doctorow — 2013-10-07T12:02:23-04:00 — #1
niktemadur — 2013-10-07T12:32:05-04:00 — #2
After hanky panky and Denver, yet another definition of the Mile High Club.
thaumatechnicia — 2013-10-07T12:36:15-04:00 — #3
..er..you're allowed to smoke on airplane flights in the 'States?
wearysky — 2013-10-07T13:02:15-04:00 — #4
Yeah, the headline threw me off too. It should really read "TSA may allow you to bring your medical marijuana on the plane".
boundegar — 2013-10-07T13:12:09-04:00 — #5
...at least until they do a sudden 180 and throw all those trusting stoners in the slam for possession.
scooter — 2013-10-07T13:13:02-04:00 — #6
Not that people haven't been imbibing in-flight before now, but it sure would make the trip through security less stressful.
jandrese — 2013-10-07T13:23:19-04:00 — #7
Somehow just because it mentioned the TSA, I imagined this scenario playing out in the most dickish way possible.
We keep confiscating the pot and sending people to the local authorities, but they keep telling us that it's legal in this state and won't do anything about it! How are we supposed to arrest people if they're not breaking the law? You know what, screw it, we're not even going to arrest them anymore, I hope you're happy, state government. *pouts*
hmsgoose — 2013-10-07T13:28:01-04:00 — #8
If they're high enough, maybe they'll somehow forget how miserably incompetent and needlessly invasive we are, opiate of the masses and all that...
thaumatechnicia — 2013-10-07T13:39:25-04:00 — #9
And now, in Great Moments in Pedantry:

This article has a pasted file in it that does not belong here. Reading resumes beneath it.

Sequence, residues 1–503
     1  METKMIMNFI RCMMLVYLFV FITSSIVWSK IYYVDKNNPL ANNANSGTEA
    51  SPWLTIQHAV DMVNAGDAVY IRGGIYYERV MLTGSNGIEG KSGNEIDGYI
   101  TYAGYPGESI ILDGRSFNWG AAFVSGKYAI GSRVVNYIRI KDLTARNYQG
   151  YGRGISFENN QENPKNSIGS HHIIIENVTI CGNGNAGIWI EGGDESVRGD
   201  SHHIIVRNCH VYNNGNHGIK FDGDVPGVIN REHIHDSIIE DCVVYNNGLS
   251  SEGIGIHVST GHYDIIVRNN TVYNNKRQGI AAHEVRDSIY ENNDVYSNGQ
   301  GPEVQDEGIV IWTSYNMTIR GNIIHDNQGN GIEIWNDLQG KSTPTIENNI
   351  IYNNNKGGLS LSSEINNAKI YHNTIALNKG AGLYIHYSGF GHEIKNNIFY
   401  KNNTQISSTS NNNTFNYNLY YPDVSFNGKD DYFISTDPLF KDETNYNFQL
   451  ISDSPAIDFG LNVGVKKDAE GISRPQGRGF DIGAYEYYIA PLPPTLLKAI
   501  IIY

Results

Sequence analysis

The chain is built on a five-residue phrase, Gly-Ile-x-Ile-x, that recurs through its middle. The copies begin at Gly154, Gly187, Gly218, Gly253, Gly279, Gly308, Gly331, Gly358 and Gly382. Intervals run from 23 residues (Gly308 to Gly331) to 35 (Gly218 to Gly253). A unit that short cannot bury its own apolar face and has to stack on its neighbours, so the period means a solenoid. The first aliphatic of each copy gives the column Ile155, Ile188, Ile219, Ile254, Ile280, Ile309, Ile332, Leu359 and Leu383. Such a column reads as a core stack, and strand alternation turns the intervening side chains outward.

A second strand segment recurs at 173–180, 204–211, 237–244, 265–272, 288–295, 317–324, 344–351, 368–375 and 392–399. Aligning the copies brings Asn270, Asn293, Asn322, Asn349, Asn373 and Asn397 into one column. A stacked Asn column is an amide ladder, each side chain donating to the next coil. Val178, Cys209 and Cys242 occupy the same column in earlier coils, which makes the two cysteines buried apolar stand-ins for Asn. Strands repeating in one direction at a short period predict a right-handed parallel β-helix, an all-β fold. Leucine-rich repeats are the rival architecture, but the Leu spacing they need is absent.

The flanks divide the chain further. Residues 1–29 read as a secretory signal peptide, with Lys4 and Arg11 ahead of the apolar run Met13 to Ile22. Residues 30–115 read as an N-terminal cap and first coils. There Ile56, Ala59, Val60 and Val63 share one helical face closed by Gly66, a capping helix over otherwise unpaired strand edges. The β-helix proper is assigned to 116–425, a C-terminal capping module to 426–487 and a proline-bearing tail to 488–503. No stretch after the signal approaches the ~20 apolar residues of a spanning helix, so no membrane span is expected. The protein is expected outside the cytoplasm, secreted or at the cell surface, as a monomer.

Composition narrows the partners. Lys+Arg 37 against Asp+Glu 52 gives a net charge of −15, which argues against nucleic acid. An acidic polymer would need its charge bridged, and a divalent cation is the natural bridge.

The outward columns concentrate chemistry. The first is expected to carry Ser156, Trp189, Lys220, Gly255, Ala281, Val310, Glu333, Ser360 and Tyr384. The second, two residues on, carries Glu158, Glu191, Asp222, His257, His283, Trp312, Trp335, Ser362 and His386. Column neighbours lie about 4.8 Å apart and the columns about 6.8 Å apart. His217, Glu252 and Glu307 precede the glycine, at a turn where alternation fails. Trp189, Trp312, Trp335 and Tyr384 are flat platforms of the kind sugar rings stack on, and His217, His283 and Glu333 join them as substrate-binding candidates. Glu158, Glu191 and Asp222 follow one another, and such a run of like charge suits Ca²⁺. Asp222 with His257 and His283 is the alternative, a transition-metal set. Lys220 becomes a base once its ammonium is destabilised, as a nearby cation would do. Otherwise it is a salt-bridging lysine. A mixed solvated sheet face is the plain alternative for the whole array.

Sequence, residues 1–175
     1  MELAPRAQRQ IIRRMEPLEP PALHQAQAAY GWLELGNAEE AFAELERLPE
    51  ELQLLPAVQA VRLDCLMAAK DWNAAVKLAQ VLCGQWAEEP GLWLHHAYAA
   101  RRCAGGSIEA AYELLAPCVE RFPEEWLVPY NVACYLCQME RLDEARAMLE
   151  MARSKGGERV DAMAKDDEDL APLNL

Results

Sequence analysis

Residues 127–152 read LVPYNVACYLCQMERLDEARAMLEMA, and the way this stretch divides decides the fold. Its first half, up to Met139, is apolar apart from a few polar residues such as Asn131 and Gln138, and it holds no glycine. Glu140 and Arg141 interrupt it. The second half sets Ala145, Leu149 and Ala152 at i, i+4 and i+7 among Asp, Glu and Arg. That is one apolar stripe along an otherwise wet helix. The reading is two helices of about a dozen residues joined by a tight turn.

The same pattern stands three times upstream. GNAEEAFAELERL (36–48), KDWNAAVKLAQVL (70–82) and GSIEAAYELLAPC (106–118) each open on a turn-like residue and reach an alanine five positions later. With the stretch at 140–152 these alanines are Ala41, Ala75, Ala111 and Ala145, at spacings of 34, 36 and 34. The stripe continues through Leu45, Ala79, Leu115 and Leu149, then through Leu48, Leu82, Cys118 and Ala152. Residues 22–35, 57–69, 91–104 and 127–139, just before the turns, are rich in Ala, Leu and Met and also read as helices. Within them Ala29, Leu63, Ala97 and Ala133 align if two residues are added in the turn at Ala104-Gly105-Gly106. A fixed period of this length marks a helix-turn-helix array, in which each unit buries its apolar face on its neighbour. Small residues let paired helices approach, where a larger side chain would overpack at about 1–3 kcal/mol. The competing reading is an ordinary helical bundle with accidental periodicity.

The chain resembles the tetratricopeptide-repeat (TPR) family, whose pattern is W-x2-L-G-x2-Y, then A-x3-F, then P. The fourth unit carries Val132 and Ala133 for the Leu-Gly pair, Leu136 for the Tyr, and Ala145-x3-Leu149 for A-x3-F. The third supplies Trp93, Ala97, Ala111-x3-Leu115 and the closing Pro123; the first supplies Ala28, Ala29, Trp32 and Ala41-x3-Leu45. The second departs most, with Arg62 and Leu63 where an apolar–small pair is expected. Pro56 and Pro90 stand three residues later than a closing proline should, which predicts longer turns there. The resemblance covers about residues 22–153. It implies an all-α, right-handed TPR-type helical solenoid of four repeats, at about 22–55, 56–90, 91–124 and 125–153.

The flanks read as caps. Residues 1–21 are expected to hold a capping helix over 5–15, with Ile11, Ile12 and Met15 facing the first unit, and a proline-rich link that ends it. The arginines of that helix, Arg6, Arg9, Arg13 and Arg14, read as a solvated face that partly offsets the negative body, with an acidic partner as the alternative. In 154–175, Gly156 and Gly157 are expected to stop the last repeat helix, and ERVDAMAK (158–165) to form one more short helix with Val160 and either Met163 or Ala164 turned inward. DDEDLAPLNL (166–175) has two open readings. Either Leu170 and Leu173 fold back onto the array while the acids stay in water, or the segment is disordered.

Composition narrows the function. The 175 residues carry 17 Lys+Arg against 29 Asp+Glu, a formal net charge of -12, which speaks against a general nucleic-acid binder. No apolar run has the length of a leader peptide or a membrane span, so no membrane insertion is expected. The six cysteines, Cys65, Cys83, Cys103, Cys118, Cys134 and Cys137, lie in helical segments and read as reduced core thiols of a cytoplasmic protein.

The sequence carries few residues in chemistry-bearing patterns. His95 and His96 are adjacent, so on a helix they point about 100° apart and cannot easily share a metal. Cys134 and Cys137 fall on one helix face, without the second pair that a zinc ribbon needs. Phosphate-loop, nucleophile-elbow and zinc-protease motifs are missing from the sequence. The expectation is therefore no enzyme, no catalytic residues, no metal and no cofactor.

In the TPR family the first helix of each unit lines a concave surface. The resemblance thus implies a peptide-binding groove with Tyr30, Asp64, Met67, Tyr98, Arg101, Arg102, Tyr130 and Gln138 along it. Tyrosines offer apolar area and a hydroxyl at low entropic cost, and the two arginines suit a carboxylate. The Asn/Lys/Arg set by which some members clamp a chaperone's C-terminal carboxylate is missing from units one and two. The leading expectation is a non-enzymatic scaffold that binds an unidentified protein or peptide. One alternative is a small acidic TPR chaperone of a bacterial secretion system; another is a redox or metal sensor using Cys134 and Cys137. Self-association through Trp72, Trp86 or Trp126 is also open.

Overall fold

OK, so...they can bring the medical marijuana on the plane, but they can't use it, if I understand you correctly.
jkonrath — 2013-10-07T13:46:52-04:00 — #10
They have no problem with you being high when they're selling a tiny bag of potato chips at $14 a pop on the snack cart.
wearysky — 2013-10-07T13:54:46-04:00 — #11
Well, as @Scooter mentioned above - there's always edibles. But yes, one presumes that smoking of any kind will still be banned on flights.
themetalpedant — 2013-10-07T13:57:30-04:00 — #12
Yeah, I can't read this story without thinking of the inevitable follow-up a few days/a couple of weeks from now, when the TSA "arrests" someone for trying to bring their medication with them, and leaves them stripped naked in an airport screening room/jail cell for 8 hours while they interrogate and threaten them.
glitch — 2013-10-07T14:23:37-04:00 — #13
Open flames or even just smouldering combustibles are pretty much an aviation no-no anywhere outside of an engine.
edked — 2013-10-07T14:46:58-04:00 — #14
Seeing as smoking (tobacco) was allowed on planes for years and years, and all reasons given for it being banned referred pretty much exclusively to the health risks, I don't think that has much to do with anything.
glitch — 2013-10-07T15:09:59-04:00 — #15
I'm talking policy, not reasoning.
kimmo — 2013-10-07T17:00:29-04:00 — #16
Sanity from the TSA?
It's a trap!
thaumatechnicia — 2013-10-07T17:11:14-04:00 — #17
itsumishi — 2013-10-07T18:03:32-04:00 — #18
I think, that perhaps, just perhaps, Cory was having a little fun with the headline.
spam_spam — 2013-10-08T03:35:56-04:00 — #19
I tell you this much . . . about three years ago when I was travelling around the US someone gave me a small sample of stinky weed in Boston and it was too potent to finish so I packed it in my bag for a flight to California. On that route my bags are inevitably searched (after check-in) and I receive a kind but scary note saying that my "bags have been searched" BUT NOTHING ABOUT THE WEED which was tucked into an even more suspicious small bag of Chinese tea bells. When I told my (old) Mom about the note she said " . . . they were looking for drugs"
billstewart — 2013-10-08T04:26:44-04:00 — #20
Edibles aren't very useful for the stress of dealing with TSA, at least if you drove yourself to the airport; they usually take an hour to kick in. But they may help you sleep on the plane, and if nothing else, the TSA's going to be less suspicious of a brownie in your luggage than a jar of "oregano".
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